LeBron James showed this week why is a king. Of his community.
I was never a huge LeBron James fan. I respected his hoops magic, but for whatever reason, he wasn’t that “must see” athlete for me. Yesterday changed all of that. He leads this week’s After Further Review.
• The man’s got class — You’ve heard by now that one of the newest members of the Los Angeles Lakes, LeBron James, opened a public non-charter school Monday in his hometown of Akron, Ohio. The I Promise School began the school year with 240 at-risk third and fourth graders and plans to expand to more than 1,000 students in coming years. As if that’s not impressive enough, the school has also incorporated a program for parents. In addition to offering assists with housing and shopping, I Promise School will help parents who didn’t graduate from high school work toward their GEDs. That James and his directors understand the value of and encourage education at home, is huge. When we talk about athletes’ contributions to their communities, this will certainly rank near if not at the top. And we didn’t even get to the part about students having an opportunity to earn college scholarships when they graduate from high school.
• Princess of Darkness sees clearly — Former Oakland Raiders executive Amy Trask is a known voice of civility on Twitter. She recently made a suggestion for the NFL that made me ask, “why wouldn’t teams do this?” It would be a wonderful way to show that again, sports can bring people together. Our world needs that now more than ever. And frankly, so does the NFL.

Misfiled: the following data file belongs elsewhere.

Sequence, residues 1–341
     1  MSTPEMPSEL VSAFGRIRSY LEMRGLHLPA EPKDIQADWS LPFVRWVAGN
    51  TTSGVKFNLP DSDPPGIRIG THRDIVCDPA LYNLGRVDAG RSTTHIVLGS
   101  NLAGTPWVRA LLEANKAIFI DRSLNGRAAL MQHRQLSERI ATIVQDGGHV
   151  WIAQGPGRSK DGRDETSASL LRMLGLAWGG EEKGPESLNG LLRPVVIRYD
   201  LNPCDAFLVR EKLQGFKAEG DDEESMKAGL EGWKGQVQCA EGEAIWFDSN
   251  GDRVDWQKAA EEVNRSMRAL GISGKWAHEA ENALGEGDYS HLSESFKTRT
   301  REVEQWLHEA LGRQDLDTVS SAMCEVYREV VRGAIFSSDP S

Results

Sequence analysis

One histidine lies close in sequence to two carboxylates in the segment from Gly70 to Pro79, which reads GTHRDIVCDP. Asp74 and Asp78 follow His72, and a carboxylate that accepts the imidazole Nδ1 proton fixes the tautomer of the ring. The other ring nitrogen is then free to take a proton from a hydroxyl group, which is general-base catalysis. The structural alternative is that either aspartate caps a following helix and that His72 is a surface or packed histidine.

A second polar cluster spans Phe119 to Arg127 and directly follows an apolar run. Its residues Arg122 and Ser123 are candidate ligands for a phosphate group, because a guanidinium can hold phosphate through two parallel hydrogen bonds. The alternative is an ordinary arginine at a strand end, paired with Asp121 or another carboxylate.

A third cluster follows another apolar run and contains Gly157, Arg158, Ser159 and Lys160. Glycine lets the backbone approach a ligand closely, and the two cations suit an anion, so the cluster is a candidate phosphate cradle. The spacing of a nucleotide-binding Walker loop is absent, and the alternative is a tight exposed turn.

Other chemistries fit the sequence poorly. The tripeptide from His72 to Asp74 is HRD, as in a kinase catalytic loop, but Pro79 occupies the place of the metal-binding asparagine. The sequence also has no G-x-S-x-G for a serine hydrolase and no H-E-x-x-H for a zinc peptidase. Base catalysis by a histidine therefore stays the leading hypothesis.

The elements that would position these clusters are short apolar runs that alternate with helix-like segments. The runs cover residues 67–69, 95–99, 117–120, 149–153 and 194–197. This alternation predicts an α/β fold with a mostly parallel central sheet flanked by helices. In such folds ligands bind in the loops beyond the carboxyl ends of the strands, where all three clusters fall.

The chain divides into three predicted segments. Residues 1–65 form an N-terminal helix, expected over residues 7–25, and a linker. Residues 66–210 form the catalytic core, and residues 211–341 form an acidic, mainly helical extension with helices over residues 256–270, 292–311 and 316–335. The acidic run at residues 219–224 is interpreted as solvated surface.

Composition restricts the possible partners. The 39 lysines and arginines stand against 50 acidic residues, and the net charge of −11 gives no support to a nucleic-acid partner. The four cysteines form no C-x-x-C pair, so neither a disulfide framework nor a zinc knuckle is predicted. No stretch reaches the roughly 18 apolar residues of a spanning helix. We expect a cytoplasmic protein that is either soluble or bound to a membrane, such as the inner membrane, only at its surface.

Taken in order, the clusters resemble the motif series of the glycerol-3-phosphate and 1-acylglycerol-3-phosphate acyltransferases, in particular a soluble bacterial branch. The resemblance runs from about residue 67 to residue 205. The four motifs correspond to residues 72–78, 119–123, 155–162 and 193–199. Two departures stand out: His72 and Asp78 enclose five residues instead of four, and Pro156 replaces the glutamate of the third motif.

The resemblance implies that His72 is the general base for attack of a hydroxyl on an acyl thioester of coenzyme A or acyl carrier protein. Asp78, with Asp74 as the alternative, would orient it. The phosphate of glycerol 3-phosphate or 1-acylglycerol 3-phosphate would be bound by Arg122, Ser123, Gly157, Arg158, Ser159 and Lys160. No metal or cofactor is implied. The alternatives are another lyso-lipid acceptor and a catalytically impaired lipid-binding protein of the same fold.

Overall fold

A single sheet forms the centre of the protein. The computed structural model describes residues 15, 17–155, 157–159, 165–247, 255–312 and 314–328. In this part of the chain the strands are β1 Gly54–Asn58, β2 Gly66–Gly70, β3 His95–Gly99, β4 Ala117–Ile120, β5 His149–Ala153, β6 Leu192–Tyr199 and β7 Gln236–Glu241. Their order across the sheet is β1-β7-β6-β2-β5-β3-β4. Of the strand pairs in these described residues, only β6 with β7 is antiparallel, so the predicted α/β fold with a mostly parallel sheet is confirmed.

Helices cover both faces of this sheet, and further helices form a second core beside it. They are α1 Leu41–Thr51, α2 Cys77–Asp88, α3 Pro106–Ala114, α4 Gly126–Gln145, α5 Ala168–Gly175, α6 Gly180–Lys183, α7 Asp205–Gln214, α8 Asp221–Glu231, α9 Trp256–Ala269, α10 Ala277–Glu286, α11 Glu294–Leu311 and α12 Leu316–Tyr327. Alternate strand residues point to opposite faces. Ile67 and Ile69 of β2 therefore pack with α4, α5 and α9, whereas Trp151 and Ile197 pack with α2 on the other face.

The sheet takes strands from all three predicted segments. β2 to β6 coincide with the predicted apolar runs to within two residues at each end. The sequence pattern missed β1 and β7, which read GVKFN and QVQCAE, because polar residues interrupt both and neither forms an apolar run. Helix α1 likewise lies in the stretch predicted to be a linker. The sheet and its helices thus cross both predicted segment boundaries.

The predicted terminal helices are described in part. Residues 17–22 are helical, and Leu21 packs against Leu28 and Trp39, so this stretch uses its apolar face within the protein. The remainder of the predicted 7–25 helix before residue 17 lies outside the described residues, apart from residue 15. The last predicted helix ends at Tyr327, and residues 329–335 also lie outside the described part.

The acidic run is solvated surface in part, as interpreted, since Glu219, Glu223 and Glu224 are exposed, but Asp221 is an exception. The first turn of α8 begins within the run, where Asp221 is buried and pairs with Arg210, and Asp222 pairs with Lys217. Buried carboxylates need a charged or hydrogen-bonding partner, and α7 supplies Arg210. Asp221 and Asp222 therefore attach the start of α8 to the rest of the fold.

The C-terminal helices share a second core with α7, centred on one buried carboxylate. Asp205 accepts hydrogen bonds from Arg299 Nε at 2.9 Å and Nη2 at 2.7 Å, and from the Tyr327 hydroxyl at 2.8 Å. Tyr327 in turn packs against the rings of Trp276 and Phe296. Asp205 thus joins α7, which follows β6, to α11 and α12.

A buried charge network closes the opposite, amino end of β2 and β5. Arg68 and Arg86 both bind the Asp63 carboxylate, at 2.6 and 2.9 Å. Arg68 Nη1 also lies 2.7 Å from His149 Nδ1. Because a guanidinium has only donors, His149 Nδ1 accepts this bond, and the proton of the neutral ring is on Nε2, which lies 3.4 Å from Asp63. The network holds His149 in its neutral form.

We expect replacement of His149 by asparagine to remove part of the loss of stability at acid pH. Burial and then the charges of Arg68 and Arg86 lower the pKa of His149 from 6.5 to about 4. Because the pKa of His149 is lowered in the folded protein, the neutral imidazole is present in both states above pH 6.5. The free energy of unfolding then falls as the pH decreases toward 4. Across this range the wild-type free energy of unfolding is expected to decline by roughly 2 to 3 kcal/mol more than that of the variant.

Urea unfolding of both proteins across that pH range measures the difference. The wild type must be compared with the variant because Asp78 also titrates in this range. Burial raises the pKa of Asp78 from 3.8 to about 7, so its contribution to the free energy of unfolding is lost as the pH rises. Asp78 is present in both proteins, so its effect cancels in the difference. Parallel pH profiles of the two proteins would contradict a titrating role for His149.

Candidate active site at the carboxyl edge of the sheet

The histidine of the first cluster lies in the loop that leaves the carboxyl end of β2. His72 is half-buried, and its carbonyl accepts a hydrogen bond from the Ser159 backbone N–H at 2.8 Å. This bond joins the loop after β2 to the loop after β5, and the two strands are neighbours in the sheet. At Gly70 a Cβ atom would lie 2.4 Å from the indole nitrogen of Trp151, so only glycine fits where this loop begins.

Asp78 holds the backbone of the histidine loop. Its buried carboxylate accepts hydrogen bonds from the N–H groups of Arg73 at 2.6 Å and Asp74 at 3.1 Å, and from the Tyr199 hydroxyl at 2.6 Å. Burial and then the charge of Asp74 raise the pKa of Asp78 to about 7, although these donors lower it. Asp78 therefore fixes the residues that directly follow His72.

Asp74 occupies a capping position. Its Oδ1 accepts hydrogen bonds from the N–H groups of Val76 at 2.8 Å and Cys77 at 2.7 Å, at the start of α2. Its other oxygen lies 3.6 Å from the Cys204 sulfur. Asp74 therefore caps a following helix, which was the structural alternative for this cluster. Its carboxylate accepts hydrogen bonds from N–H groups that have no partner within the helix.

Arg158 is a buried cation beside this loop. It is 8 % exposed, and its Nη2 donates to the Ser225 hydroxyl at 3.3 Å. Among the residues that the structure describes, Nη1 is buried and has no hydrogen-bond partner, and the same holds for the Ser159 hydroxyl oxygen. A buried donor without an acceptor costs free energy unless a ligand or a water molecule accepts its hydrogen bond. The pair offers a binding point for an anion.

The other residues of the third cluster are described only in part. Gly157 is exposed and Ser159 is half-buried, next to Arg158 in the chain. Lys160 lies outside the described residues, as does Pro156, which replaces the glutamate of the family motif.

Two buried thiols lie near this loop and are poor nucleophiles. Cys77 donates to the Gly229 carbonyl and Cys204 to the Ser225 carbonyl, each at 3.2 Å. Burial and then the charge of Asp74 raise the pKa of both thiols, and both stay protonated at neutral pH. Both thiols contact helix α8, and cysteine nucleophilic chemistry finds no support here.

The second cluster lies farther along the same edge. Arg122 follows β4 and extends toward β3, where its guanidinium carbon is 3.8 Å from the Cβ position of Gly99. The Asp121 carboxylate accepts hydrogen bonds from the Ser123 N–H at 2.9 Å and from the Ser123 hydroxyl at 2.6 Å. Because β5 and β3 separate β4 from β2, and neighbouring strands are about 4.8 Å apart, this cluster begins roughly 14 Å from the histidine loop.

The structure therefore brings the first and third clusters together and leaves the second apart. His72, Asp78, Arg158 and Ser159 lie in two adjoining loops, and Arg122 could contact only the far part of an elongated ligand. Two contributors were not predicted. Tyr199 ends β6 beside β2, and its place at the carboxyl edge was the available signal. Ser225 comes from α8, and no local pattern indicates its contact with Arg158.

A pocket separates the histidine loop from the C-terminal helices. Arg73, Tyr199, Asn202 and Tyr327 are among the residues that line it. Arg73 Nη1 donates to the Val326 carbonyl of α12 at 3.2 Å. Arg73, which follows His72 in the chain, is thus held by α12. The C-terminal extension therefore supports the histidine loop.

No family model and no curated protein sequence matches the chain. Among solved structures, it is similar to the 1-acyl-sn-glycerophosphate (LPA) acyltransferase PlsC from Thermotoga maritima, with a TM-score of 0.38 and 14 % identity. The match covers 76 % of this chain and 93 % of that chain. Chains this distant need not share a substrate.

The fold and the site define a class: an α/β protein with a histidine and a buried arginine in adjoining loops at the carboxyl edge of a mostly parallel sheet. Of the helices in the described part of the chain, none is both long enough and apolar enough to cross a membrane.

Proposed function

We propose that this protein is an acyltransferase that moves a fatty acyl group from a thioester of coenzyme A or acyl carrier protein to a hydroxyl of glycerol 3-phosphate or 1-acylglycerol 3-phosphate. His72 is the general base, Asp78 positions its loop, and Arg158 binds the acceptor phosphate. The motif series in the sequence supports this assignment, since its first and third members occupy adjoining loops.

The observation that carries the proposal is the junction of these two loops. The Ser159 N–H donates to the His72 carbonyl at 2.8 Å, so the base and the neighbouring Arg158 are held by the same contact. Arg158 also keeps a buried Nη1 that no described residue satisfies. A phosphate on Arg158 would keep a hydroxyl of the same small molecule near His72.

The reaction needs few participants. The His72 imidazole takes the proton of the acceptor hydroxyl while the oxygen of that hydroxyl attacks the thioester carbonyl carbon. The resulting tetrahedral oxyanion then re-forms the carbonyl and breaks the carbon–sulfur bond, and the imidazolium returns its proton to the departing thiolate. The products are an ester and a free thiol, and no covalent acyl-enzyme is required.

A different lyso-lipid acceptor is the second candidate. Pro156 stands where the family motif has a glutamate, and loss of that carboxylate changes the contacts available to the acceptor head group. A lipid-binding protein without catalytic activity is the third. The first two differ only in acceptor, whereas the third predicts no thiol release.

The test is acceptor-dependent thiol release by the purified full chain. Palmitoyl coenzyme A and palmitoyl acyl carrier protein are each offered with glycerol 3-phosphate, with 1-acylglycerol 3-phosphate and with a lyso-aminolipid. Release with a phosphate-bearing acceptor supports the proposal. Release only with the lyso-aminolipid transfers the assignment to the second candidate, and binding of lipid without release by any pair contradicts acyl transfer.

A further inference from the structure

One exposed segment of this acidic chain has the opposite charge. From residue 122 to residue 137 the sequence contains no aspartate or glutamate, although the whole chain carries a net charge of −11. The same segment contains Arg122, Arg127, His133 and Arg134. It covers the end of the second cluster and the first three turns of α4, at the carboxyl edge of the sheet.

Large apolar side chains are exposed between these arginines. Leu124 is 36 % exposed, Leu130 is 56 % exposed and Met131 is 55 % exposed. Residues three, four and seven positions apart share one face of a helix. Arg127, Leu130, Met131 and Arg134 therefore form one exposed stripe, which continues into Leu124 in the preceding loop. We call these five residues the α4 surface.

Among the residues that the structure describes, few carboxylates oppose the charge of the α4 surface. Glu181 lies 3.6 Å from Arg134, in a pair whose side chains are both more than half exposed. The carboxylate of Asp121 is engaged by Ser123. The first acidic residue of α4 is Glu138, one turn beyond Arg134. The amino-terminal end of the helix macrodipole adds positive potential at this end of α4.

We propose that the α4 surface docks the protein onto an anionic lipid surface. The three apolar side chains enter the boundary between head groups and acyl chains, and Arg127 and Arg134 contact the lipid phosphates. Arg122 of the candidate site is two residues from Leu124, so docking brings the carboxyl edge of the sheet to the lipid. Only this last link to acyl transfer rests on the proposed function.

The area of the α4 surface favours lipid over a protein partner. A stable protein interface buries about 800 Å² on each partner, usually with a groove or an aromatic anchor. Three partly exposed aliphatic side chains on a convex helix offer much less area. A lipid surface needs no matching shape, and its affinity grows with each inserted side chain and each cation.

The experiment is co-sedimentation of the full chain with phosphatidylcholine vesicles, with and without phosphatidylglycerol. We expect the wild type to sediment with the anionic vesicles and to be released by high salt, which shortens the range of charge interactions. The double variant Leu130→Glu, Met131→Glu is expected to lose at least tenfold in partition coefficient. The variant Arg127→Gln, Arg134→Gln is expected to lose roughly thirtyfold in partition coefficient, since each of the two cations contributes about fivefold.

If security costs are a factor, schedule another date/time for season ticket holders to connect and hold a lottery for a few hundred “at large” attendees. Let’s embrace our differences, and what better way to break the ice than through our connection to sports?
• Tweet responsibly — My first blog about how social media amplifies bad behavior was in January 2011. Yes, twenty-eleven. Other entries followed because athletes sporadically continued to go off the rails, mostly on Twitter In many of those posts, I wrote that you can delete the ugly, but they’re always out there somewhere. In the case of Major League Baseball players Trea Turner, Sean Newcomb and of course Josh Hader. they didn’t bother to delete the ugly stuff. There are lots of adjectives to describe their revealed tweets, not to mention the obvious — ugly, racist, vile — for starters. What’s stunning is that none of these men thought to head off trouble by scrubbing their accounts before they became professional baseball players. While the tweets could still reappear, there’s less of a chance when they don’t live on the site anymore. Theirs is a generation that grew up online. But now the question arises, where is team personnel that said they looked at athletes’ social media accounts? Where were the players’ agents (my voice goes up a level, with that one)? How do you let a client negotiate with a team without putting their social media accounts through a jumbo scrub cycle 10 times?
By now, everyone’s radar should be on high alert. Young and stupid are no longer viable excuses when it comes to things you say or write, and the media and public have every right to ask about your values for the rest of your career.
• Media Training — don’t ditch media when you don’t like a question — This goes for anyone whether they’re in business or part of a professional sports team. Patriots quarterback Tom Brady should know better. When he walked away from a press gathering after a reporter asked about his trainer and business partner Alex Guerrero’s possible connection to teammate Julian Edelman’s suspension, he fled. There are lots of civil ways he could have answered the question and it wouldn’t have become social media fodder and top-fold training camp news. Instead, Brady walked away in a huff and let the speculation grow. It simply wasn’t necessary and proves one thing — it’s never too late for a PR training session.